The consultants of Crisp often produce awesome articles, products and ideas to improve software development. The most famous one probably is the video ‘Product Ownership in a Nutshell’ by Henrik Kniberg. Based on this video I recently stumbled upon a visualisation that describes the related product discovery and delivery process.
I really like the way they visualised the product- and delivery process. I will definitely use the poster to clarify the process to everyone involved in product development and especially the stakeholders.
In this blog post I’ll just share some of my thoughts I had when reading this article. Not a unique post, just some of my findings. See below for the picture in low resolution, the version with high resolution can be downloaded via the original article.
My thoughts & observations:
- The process begins and ends with the stakeholder. This is quite logical, but the importance of involving the stakeholder can’t be empathized enough. The eventual product success depends on it.
- The term ‘Product Discovery’ is a powerful way of describing the phase of brainstorming around new ideas. Some ideas may have already been thought through in detail, but when discussing it with members of the development team you will always discover new features, requirements and insights.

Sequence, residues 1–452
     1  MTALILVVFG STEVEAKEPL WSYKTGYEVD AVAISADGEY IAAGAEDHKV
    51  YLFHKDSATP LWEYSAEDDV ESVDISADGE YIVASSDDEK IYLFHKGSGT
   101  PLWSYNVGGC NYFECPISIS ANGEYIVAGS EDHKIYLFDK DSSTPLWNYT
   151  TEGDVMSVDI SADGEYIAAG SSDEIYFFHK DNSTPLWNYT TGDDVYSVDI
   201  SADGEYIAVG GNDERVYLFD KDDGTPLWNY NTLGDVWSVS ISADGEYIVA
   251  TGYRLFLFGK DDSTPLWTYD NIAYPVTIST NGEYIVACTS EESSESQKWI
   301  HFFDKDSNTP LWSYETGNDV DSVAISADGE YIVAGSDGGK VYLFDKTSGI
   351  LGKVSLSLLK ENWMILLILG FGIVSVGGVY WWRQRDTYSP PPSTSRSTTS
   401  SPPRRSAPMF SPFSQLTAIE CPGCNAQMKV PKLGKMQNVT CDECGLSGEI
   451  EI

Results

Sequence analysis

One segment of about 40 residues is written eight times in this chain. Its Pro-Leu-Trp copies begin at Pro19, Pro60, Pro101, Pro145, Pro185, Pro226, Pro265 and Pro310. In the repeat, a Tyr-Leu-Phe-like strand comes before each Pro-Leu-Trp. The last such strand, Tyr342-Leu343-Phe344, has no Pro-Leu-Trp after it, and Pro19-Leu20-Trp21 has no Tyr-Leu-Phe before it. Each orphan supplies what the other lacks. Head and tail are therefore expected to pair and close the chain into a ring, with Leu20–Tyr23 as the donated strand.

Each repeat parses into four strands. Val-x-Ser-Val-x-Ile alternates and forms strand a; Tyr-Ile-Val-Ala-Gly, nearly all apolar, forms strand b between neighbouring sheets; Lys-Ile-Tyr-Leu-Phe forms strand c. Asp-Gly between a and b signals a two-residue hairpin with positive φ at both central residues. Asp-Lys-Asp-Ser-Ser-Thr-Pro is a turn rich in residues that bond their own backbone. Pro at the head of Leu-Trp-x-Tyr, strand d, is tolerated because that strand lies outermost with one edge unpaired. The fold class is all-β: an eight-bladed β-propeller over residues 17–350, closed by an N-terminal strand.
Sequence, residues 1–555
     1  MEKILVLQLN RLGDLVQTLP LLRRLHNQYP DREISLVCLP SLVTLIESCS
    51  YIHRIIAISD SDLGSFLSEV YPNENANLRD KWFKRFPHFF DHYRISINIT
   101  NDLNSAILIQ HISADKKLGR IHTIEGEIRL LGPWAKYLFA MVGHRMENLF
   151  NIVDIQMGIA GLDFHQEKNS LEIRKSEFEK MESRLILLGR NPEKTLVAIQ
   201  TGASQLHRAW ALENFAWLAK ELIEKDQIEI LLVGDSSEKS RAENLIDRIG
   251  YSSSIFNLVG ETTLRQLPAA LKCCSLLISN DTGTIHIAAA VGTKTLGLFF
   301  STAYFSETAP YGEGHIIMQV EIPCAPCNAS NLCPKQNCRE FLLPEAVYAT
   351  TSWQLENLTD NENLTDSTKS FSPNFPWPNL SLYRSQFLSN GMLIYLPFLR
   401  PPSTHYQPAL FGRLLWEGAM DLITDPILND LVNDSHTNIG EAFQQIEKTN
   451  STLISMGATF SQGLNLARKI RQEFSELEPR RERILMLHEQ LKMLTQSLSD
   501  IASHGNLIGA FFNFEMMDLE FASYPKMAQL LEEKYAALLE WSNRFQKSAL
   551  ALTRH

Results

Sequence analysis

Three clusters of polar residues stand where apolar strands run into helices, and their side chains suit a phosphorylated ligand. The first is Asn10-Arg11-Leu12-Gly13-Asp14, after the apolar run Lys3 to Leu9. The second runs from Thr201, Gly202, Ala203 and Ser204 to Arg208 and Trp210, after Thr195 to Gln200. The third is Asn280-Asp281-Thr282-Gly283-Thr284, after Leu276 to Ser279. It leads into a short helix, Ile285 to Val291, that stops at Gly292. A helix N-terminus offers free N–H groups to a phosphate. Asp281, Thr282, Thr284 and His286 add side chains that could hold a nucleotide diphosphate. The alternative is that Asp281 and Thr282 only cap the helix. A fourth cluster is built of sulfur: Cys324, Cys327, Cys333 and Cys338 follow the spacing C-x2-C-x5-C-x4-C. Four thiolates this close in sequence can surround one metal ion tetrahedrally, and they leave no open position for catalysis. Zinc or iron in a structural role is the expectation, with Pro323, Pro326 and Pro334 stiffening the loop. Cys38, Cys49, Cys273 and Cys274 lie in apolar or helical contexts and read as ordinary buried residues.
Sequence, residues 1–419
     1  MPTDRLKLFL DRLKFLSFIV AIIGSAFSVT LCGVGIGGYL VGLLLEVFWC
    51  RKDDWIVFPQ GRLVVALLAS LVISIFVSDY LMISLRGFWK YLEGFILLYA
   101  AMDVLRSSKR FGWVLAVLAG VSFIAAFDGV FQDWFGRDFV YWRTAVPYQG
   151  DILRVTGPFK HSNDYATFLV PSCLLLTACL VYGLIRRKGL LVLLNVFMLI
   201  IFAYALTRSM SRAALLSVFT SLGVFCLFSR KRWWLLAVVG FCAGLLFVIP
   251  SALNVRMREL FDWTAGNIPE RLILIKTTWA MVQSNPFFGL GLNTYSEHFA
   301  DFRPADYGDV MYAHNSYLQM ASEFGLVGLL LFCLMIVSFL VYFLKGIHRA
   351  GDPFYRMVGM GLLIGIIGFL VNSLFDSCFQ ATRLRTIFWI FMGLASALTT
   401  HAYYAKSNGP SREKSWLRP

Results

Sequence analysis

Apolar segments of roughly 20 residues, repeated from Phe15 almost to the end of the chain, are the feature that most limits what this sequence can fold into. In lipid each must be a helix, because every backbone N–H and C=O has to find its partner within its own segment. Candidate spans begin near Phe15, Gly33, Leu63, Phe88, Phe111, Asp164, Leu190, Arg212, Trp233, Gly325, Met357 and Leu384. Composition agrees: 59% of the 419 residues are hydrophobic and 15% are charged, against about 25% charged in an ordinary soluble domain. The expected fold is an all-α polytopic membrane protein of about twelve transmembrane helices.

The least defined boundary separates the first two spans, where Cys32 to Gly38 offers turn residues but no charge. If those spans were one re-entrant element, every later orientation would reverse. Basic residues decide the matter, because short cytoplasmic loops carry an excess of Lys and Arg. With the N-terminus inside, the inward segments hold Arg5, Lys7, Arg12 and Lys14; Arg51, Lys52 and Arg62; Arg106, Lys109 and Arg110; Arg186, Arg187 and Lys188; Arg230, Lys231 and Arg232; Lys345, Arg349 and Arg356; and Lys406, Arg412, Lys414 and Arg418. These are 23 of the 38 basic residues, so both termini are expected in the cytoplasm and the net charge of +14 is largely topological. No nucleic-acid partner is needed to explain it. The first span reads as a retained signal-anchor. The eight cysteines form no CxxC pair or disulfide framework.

- Doing the product discovery with members of the actual development team is very important because it minimizes the amount of handovers and encourages collaboration and ownership. This way the idea of ‘from concept to cash’ becomes reality.
- Within the Scrum framework the Product Backlog is a given fact. The Scrum Guide doesn’t describe the process that occurs to actually create the backlog. Because of this, the description of the product discovery and delivery process is a valuable addition.
- Scrum uses backlog refinement as an activity to improve and clarify the Product Backlog. The term ‘backlog workshops’ probably have the same purpose but emphasize the fact that it’s not another ‘meeting’ but really an activity.
- You will only know what the impact of the build features are when the stakeholders are actually using it. Therefore releasing early and often is crucial.
- “Let go of the roadmap and fixed feature releases. Let it just be prioritised assumptions – assumptions that can be verified by the team just in time and delivered so much sooner!” Can’t agree more!
So far some of my thoughts and observations, I can only recommend reading the full article and hope you find it useful as well!